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WARNE: Trying to Make Sense of the Buxton Decision


Brandon Warne

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This is an excerpt from an article on Zone Coverage; read it in full here.

 

Over the weekend the Minnesota Twins made waves in the baseball community by announcing that they were not bringing Byron Buxton up when the Triple-A season ends on Monday. The decision effectively ended Buxton’s 2018 season before it really got a chance to get going, and created a take-storm for one big reason.

 

By not bringing Buxton up for the last month of the season, they’ll retain his rights through the 2022 season. If he’d been with the team something like a dozen games this month, he’d eat up enough service time to reach free agency following the 2021 season; or in other words, the same winter he’d turn 28.

 

Let’s just try to talk through all the potential reasons — good, bad, otherwise — and at least get into the thought process behind it.

 

Buxton’s season was an absolute disaster. There’s no sugarcoating it. He came down with migraines in Puerto Rico in April, was put on the disabled list to allow the Twins to not operate with a short bench in Tampa and broke his big toe on his first rehab game at Fort Myers.

 

He came back too quickly — just under a month — and hit just .122/.140/.163 before the Twins again shut him down in Kansas City. They put him back on the disabled list to let the toe fully heal, and when he returned he was sent to Rochester — where he spent the rest of the season.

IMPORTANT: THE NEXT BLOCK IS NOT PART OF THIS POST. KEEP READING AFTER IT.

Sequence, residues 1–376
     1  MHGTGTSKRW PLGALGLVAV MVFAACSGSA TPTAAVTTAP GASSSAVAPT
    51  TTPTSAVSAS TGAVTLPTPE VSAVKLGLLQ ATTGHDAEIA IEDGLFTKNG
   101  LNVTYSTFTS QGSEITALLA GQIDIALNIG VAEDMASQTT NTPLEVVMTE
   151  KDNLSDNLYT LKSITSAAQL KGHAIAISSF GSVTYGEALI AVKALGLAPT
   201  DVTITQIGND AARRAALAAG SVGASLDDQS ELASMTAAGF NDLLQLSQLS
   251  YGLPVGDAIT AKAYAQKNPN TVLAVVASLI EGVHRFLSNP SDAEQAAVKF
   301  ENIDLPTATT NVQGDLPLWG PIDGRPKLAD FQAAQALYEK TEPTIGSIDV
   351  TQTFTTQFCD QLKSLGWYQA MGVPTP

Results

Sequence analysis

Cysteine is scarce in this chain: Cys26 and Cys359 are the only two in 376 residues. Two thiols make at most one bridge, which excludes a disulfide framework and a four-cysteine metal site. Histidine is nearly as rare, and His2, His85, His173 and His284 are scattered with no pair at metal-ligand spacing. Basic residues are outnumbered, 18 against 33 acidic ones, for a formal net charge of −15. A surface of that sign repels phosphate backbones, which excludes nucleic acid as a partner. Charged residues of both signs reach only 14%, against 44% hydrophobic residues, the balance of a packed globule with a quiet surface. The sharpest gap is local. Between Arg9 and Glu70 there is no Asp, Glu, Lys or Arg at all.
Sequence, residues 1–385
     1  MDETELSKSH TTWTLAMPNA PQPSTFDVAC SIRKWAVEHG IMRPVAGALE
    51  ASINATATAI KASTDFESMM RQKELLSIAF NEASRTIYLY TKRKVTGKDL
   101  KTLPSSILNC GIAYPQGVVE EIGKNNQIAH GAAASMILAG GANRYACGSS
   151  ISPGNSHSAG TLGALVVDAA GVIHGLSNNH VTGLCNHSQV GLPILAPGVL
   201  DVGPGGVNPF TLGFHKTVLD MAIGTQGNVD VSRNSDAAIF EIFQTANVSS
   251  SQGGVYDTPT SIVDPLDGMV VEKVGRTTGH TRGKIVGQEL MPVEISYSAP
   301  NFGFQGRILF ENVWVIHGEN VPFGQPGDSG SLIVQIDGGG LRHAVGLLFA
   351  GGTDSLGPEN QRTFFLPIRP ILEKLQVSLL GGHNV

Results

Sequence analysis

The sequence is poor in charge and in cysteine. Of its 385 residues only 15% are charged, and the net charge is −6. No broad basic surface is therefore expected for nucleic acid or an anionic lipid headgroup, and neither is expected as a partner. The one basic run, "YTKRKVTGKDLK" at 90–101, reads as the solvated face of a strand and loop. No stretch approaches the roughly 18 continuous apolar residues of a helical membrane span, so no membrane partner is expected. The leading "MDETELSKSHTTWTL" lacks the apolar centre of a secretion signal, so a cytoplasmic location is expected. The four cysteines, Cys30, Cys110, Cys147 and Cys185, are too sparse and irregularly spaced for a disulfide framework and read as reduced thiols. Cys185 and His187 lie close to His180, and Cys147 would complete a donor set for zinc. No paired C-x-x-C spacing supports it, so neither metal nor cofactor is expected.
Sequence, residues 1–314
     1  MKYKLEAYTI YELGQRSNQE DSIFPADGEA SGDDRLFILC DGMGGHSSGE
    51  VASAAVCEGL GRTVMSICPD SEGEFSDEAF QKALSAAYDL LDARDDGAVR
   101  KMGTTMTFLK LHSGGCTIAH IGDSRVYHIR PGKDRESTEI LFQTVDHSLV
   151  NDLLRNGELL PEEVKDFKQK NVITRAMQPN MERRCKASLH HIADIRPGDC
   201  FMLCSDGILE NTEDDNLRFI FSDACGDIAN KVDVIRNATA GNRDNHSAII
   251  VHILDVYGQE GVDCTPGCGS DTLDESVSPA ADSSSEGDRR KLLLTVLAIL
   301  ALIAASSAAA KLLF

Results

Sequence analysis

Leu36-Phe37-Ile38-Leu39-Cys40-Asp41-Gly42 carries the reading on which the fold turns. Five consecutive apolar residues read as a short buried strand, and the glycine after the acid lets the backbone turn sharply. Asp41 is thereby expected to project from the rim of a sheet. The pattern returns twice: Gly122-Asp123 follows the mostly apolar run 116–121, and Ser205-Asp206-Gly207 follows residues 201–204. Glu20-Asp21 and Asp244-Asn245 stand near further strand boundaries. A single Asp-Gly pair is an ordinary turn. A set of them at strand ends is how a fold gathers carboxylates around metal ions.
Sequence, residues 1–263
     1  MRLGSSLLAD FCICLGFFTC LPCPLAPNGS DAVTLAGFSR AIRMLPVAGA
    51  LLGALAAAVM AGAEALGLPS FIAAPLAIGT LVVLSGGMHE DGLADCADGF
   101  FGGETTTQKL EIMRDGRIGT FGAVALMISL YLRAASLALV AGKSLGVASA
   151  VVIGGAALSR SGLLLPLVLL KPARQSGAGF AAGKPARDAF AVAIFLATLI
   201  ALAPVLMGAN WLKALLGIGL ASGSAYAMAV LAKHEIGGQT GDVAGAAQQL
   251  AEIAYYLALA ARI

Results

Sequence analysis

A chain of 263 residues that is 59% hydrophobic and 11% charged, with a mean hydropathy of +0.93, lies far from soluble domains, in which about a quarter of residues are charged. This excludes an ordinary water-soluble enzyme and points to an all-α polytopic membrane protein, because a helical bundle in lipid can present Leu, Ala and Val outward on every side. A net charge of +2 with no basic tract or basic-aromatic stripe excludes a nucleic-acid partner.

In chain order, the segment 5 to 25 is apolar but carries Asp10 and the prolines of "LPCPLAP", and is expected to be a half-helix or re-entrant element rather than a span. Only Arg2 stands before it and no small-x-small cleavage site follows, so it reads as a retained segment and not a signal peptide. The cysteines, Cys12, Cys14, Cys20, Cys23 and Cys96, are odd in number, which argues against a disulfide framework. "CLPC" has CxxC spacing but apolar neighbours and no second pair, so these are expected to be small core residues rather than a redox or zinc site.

If that wasn’t enough, Buxton dealt with wrist issues in late July that again put him on the shelf.

 

The upshot was that Buxton spent three months with the Red Wings, and still got into just 35 games. Buxton hit .272/.331/.456 with the Red Wings — well below his career marks of .310/.364/.537 at the level — and even that doesn’t tell the entire story.

 

While a .787 OPS at Triple-A is certainly respectable — in Buxton’s case, doing that for a season in the big leagues with his defense and speed would make him a star — doing it in such a small sample size makes it easy for those numbers to be distorted.

 

Take a look at how Buxton’s numbers break down:

  • First 29 games with Rochester – .234/.298/.405
  • Final six games – .458/.500/.708

 

So can the case be made that he didn’t exactly play at a high enough level for long enough to merit a call-up? I mean, maybe? There isn’t really a strong enough case on either side to make this the rallying cry of torch-and-pitchfork nation.

 

In Mike Berardino’s column on the subject, he mentions that general manager Thad Levine suggested Buxton has been playing through a nagging left wrist injury, and that it — along with on-field performance beyond raw stats in the minors and a lack of playing time in the majors — were factors that led to the non-promotion.

 

Let’s look at each of those individually.

 

Well, we already looked at the numbers part of it. If the statistic is “games played,” it’s a valid argument, and a sub-.800 OPS and four strikeouts for every walk doesn’t really scream promotion either. Strikeouts aren’t the be-all, end-all argument for a lot of players, but that’s more the case in the major leagues for guys who hit the ball out of the ballpark. Buxton, a career .230/.285/.387 hitter, has struck out 31.7 percent of the time in the big leagues, and fanned 28.4 percent of the time with Rochester this season.

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